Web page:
Skico gets lift beyond inflation rate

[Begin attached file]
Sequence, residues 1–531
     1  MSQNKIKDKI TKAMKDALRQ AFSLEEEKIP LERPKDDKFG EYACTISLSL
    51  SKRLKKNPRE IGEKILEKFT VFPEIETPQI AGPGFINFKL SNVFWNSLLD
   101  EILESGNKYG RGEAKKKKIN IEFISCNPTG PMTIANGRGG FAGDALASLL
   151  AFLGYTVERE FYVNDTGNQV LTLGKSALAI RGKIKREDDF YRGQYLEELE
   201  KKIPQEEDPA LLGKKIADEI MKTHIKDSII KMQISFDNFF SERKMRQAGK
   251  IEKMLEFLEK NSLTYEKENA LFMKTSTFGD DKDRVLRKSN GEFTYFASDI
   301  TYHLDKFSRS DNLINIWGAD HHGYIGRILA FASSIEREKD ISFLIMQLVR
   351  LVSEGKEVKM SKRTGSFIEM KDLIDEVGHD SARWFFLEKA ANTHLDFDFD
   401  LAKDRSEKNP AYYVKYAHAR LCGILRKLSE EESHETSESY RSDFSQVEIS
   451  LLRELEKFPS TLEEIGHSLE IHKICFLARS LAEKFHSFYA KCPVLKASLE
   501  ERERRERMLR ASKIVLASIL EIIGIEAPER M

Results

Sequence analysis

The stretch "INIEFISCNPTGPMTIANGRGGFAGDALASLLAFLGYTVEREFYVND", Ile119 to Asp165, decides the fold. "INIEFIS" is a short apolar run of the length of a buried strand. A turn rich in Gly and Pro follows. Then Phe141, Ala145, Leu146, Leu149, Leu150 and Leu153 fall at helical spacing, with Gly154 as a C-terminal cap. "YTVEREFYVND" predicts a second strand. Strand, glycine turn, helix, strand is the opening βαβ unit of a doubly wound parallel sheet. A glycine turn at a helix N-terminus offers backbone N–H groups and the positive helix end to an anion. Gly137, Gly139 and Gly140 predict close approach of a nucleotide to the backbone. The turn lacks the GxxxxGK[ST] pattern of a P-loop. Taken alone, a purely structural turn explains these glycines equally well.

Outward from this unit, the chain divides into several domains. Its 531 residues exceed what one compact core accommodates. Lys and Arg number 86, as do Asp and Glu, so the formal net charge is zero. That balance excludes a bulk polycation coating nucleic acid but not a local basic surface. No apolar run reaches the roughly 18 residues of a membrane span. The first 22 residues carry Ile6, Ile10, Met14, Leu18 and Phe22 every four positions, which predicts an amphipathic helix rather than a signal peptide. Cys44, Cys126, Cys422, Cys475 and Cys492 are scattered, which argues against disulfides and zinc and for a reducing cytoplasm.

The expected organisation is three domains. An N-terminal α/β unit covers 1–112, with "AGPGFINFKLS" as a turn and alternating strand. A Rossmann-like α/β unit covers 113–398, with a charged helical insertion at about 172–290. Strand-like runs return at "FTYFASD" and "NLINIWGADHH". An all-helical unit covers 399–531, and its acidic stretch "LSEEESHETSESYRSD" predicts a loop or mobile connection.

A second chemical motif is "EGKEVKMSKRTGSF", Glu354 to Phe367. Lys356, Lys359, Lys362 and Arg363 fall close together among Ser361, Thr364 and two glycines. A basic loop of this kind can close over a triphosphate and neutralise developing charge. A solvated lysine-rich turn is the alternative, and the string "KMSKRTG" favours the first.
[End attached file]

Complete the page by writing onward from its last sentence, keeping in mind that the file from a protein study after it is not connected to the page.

The price of the Aspen Skiing Co.’s full-season ski pass has outpaced the national rate of inflation by up to 6 percent over the past decade, according to a study by The Aspen Times.While the Skico’s increases have been greater than the national rate of inflation, a good case can be made that the cost of doing business in the Aspen area has also gone up more than the national rate of inflation since 1995. Everything from gas to wages are higher in Aspen.The Skico charged $850 for its premier pass in 1995. If adjusted for national inflation, that pass would cost $1,058 today, according to the Inflation Calculator website.The Aspen Skiing Co. announced last week that it will charge $1,129 for its premier pass for the 2005-06 season. That’s about 6 percent higher than what the site said the rate would be if adjusted for inflation.All comparisons assumed the purchaser was a member of one of the local resort associations and received a chamber discount. It also assumed the buyer would take advantage of the early purchase discount.The Times also checked to see how pass price increases since 1998 and 2000 compared to inflation rates.In 1998, the Skico charged $949 for its season pass. Adjusted for inflation, the pass would cost $1,100 today. The actual price is about 2.5 percent higher.For the final comparison, the Times looked at prices five years ago. The Skico had kept the price of its premier pass at $949. Adjusted for inflation, that pass would cost $1,054 today, or about 6.5 percent less than the actual price.David Perry, Skico senior vice president for marketing, said there isn’t a direct correlation between pass prices and expenses. Company officials don’t calculate specific increases in expenses before they set the pass price.However, he noted that higher costs do result in higher prices. And, like all business, the Skico is facing substantial increases in expenses this year due to higher utility costs. Water from the city of Aspen is used for snowmaking at Aspen Mountain and Buttermilk, for example. The cost is expected to rise about 40 percent for the coming season.”That cost alone is hundreds of thousands of dollars,” said Perry.Electricity rates from Holy Cross are going up about 20 percent at Snowmass because of the cost of burying power lines up to the village, he said.Perry said it was interesting to learn that the company’s pass price increases tracked closely to the level of national inflation. He said the Skico is concerned about keeping skiing affordable for local customers. The litmus test the Skico applies every season is whether the pass price provides value, he said.The average buyer of a full-season pass used it 32 times last season, according to Skico records. That worked out to a price of $33.72 per day, which Perry portrayed as a good value.He said there is no evidence that indicates that locals feel priced out of the market. Pass sales were up last season, although pass use ultimately went down from the previous year.”Because we’re locals, we’re very sensitive to the local opinions,” Perry said of Skico officials.”No one has grumbled to my face yet this year [about pass prices],” he added. “I’m sure it will come.”The Inflation Calculator can be found at http://www.westegg.com/inflation.Scott Condon’s e-mail address is firstname.lastname@example.org
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